On October 10, the New York Times published a front-page obituary for French philosopher Jacques Derrida. The headline, “Jacques Derrida, Abstruse Theorist, Dies in Paris at 74,” was a tip-off to anyone familiar with US press coverage of the seminal thinker that the piece was not going to be an affectionate homage to the man whom Jacques Chirac called “one of the major figures in the intellectual life of our time.” Yet even though American papers had scorned and trivialized Derrida before, the tone seemed particularly caustic for an obituary of an internationally acclaimed philosopher who had profoundly influenced two generations of American humanities scholars.
The writer, Jonathan Kandell, did not conceal his disdain for Derrida’s style of philosophical inquiry, popularly known as “deconstruction.” Derrida had advanced deconstruction as a challenge to unquestioned assumptions of the Western philosophical tradition. He described it modestly as a “gesture of distrust” toward prevailing notions. Kandell, on the other hand, suggested that it amounted to a no-holds-barred attack on truth and meaning.
Kandell’s obit provoked an uproar among Derrida’s American admirers. Professors at the University of California, Irvine, where Derrida had lectured for years, were indignant about what they viewed as an irresponsible assault on complex thought at a time when the manichean worldview emanating from the White House encouraged “black and white thinking.” Kandell had, in fact, resurrected an old, bitter dispute over Derrida’s influence and legacy among American intellectuals. The vilification of deconstruction dates back to the culture wars of the 1980s. Conservatives pilloried deconstruction as a campaign against all that they held sacred: standards, tradition, Western civilization, the classics and truth.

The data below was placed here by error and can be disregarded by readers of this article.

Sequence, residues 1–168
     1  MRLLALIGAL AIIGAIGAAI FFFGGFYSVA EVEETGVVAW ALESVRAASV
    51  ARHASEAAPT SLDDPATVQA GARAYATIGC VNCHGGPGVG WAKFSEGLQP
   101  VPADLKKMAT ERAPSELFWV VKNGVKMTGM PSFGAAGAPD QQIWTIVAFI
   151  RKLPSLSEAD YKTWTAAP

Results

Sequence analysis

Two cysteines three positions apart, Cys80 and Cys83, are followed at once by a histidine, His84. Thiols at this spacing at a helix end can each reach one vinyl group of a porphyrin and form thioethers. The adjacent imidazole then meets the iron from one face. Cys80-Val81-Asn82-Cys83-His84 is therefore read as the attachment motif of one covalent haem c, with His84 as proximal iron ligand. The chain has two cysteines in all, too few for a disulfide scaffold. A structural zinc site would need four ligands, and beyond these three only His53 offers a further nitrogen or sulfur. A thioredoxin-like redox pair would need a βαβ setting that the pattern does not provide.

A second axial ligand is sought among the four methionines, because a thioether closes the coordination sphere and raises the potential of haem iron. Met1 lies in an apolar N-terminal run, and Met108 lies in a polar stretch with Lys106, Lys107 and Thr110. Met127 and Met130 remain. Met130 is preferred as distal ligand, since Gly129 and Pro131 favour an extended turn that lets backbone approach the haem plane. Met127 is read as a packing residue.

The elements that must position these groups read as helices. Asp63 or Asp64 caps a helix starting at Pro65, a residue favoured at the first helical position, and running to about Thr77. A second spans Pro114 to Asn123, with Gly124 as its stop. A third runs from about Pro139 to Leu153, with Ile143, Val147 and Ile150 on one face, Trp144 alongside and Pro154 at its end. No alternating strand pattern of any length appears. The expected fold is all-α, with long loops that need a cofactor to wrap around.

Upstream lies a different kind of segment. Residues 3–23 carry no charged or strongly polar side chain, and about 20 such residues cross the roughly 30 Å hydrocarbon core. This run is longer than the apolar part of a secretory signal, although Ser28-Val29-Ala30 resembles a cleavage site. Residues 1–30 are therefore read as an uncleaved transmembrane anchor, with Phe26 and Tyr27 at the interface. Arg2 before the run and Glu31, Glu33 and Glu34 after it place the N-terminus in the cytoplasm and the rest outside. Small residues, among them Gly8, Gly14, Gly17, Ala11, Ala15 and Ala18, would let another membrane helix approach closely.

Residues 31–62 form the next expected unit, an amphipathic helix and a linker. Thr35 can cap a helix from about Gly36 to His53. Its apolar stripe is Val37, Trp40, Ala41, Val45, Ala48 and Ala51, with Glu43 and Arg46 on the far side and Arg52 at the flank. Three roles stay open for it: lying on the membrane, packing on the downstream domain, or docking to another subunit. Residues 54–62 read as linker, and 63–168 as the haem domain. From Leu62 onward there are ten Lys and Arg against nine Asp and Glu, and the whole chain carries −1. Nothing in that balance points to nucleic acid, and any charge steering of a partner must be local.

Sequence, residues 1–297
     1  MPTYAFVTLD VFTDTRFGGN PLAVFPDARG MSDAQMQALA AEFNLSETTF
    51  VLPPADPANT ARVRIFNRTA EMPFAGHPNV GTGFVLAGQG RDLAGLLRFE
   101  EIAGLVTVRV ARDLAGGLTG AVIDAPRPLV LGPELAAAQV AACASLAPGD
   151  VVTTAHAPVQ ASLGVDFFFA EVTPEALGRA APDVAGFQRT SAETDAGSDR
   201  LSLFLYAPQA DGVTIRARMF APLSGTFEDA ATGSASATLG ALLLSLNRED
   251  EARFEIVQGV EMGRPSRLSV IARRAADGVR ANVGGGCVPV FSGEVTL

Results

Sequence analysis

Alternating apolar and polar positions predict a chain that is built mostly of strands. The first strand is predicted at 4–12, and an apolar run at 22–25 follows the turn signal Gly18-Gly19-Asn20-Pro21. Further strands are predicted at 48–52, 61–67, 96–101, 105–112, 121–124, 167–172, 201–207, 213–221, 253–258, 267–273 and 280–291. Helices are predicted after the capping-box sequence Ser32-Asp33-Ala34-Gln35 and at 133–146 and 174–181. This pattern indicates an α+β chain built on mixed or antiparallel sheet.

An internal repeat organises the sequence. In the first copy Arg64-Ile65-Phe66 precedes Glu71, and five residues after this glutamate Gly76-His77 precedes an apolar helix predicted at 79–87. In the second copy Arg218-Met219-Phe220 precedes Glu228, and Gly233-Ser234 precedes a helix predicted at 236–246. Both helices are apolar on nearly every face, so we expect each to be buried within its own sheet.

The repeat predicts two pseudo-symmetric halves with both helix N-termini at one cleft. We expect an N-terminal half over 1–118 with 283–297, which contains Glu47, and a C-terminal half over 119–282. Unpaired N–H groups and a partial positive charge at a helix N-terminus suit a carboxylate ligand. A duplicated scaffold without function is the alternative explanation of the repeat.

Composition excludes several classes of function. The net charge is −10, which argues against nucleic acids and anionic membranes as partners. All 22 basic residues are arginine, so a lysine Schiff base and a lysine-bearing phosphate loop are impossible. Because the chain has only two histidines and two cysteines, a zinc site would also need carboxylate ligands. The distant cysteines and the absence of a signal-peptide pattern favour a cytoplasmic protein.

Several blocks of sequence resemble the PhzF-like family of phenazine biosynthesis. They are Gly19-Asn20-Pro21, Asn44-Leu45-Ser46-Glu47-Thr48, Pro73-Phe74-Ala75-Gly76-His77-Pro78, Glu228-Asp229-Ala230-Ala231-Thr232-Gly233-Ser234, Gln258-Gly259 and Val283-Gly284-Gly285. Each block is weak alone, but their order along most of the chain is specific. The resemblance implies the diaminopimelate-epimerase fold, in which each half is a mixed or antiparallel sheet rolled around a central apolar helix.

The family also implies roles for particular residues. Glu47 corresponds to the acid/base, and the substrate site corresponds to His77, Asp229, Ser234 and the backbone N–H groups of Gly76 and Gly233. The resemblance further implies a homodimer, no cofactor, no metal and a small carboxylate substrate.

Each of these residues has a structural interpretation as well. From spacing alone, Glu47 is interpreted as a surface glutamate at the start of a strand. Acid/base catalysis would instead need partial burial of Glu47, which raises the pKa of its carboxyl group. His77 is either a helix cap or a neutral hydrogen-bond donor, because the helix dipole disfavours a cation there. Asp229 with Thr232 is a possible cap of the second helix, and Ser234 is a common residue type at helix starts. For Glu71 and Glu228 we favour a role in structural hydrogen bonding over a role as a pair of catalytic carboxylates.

At that time, the right was waging a battle against the influence of “tenured radicals,” as neoconservative Roger Kimball put it in a screed published in Commentary in June 1990. Derrida came in for particularly harsh criticism from Allan Bloom in The Closing of the American Mind and Lynne Cheney in Telling the Truth. The term “deconstruction,” along with “postmodernism,” provided a handy way to link all of the objectionable “isms” infecting the academy; by identifying it with radical feminism, multiculturalism and even Marxism, so-called cultural conservatives could stigmatize all of these intellectual currents in a single stroke and scold the whole gamut of dangerous innovators.
Ironically, the American left was often no more enamored of Derrida than the right. Although Derrida had always been a man of the left–a tireless critic of South African apartheid and the death penalty, an opponent of totalitarianism and racism–many American leftists faulted him for what they saw as an insufficiently firm commitment to truth. Some of their criticism was similar to what was coming from the right. They argued that deconstruction made it impossible to develop a principled political philosophy with its stress on constantly questioning the basis of ethical judgment.
Chastisements of deconstruction reached a climax in 1987, with the “de Man affair.” A young Belgian researcher named Ortwin de Graef discovered anti-Semitic articles written by the Yale literature professor Paul de Man in 1941 and 1942 during his youth under the German occupation of Belgium for two collaborationist journals. De Man, who had died four years earlier, had been Derrida’s close friend and the most prominent American exponent of deconstruction.